OpenJurist

198 F2d 860 Fouquette v. Bernard

198 F.2d 860

FOUQUETTE,

v.

BERNARD.

No. 13274.

United States Court of Appeals Ninth Circuit.

Aug. 21, 1952.

Rehearing Denied Sept. 19, 1952.

John W. Bonner, Las Vegas, Nev., for appellant.

W. T. Mathews, Atty. Gen., of Nevada (Geo. P. Annand, Deputy Atty. Gen., William N. Dunseath, Deputy Atty. Gen., John W. Barrett, Deputy Atty. Gen., Roger D. Foley, Dist. Atty., Clark County, Nev., Las Vegas, Nev., of counsel), for appellee.

Before DENMAN, Chief Judge, and STEPHENS and BONE, Circuit Judges.

DENMAN, Chief Judge.

1

Fouquette appeals from an order denying his application for a writ of habeas corpus seeking to have set aside his conviction of first degree murder and his death sentence by the Eighth Judicial Court of the State of Nevada in Clark County. At the hearing in this court it was agreed that Fouquette had killed one Donald Brown and that the questions here concern Fouquette's defense of insanity at the time of the killing.

2

On the question of exhaustion of his state remedy required by 28 U.S.C. § 2254, Nevada has no habeas corpus proceeding in which its courts have the power to consider anything more than whether the sentencing court had jurisdiction to entertain the prosecution of the crime charged and of the accused. It was so held on Fouquette's petition for the writ. State v. Fouquette, Nev., 233 P.2d 859. Certiorari to the United States Supreme Court, 342 U.S. 928, 72 S.Ct. 369, was sought from this holding as to the limit of the writ in Nevada. Obviously that Court could not consider the constitutional contentions here made. Hence we are concerned here only with Fouquette's attempts to satisfy Sec. 2254 by his petition for certiorari to the Nevada Supreme Court.

3

Fouquette sought a change of venue from Clark County upon evidence of a wrongful use of the two newspapers of Clark County by the prosecuting attorney and the judge who later presided at the trial, claimed to have so prejudiced his defense of insanity in the minds of the citizens of that county that no proper jury could then be obtained for him. The alleged relevant facts appear in the opinion of the Chief Judge granting Fouquette a stay of execution on February 29, 1952, Fouquette v. Bernard, 9 Cir., 198 F.2d 96. The motion was denied without prejudice to its renewal after the examination of the prospective jurors and the selection of a jury. Fouquette did not renew his motion. He contends that nevertheless the denial violated the Fourteenth Amendment.

4

On appeal to the Nevada Supreme Court, that court held that failure to renew the motion constituted a waiver of the motion. State v. Fouquette, 221 P.2d 404, 411. Fouquette did not include in his petition for certiorari the contention that the court erred in denying his motion for change of venue. Having so failed to exhaust his state remedy, the district court below lacked jurisdiction to entertain his application so far as concerns this issue. 28 U.S.C. § 2254. Ex parte Hawk, 321 U.S. 114, 116-17, 64 S.Ct. 448, 88 L.Ed. 572; Darr v. Burford, 339 U.S. 200, 211, 70 S.Ct. 587, 94 L.Ed. 761.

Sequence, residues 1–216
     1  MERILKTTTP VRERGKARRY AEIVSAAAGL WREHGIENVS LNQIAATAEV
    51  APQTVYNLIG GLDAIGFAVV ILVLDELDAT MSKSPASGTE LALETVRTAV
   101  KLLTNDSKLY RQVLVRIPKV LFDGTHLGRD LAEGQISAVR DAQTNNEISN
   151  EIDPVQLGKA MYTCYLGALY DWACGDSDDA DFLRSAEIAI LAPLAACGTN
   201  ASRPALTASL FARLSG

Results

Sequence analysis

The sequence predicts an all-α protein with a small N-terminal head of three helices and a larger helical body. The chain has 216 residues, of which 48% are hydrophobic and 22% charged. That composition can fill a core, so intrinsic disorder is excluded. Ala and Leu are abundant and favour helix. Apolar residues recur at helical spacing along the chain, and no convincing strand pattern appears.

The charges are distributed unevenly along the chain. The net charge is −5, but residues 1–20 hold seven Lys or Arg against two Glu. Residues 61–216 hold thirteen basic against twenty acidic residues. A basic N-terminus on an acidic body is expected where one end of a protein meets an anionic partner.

5

Fouquette's application for the writ further contends that the Fourteenth Amendment was violated in the admission in evidence over his objection of two confessions obtained from him prior to taking him before a committing magistrate, to the effect that he had killed Brown and was sane at the time, which confessions were coerced from him by the wrongful conduct of the examining officers. Fouquette does not question the statement of the appellee's brief that the prosecution introduced conflicting evidence that the confessions were not coerced and the matter of their contentions was submitted to the jury under the proper instructions. This also appears in the opinion of the Nevada Supreme Court. State v. Fouquette, 221 P.2d 404, 419-20.

6

On appeal the Nevada Supreme Court held that no error had been committed. State v. Fouquette, supra, 221 P.2d 419. State v. Boudreau, Nev., 214 P.2d 135, 139-42; State v. Williams, 219 P.2d 184, 189-90. This issue was presented to the Supreme Court of the United States in Fouquette's petition for certiorari which was denied, 341 U.S. 932, 71 S.Ct. 799, 95 L.Ed. 1361. We hold no error was committed in submitting the conflicting evidence on the voluntariness of the confessions to the Nevada jury. Lisenba v. California, 314 U.S. 219, 238, 62 S.Ct. 280, 86 L.Ed. 166; Ward v. Texas, 316 U.S. 547, 552, 62 S.Ct. 1139, 86 L.Ed. 1663.

7

Fouquette's petition further alleges that the Fourteenth Amendment is violated because, after arraignment and before he had counsel, one Dr. Work examined him as to his sanity and testified that he was sane, giving 'all the conversation he elicited from me' over 'my objection on the grounds of self-incrimination and privilege.' The Nevada Supreme Court held there was no error, 221 P.2d 421. The question was presented in the denied petition for certiorari.

8

It is not alleged that any coercive or wrongful methods were used by the doctor or that Fouquette did not consent to the examination. His brief does not claim that Dr. Work was his physician. On the contrary, it admits that there is no error in the physician so examining him and testifying as to his sanity. Hence there could have been no violation of the privilege between patient and physician. What the conversation was is not stated. Even if it involved a confession of the crime, it was admissible since it is not claimed that it was wrongfully obtained. We find no error here.

9

The order of the district court is affirmed.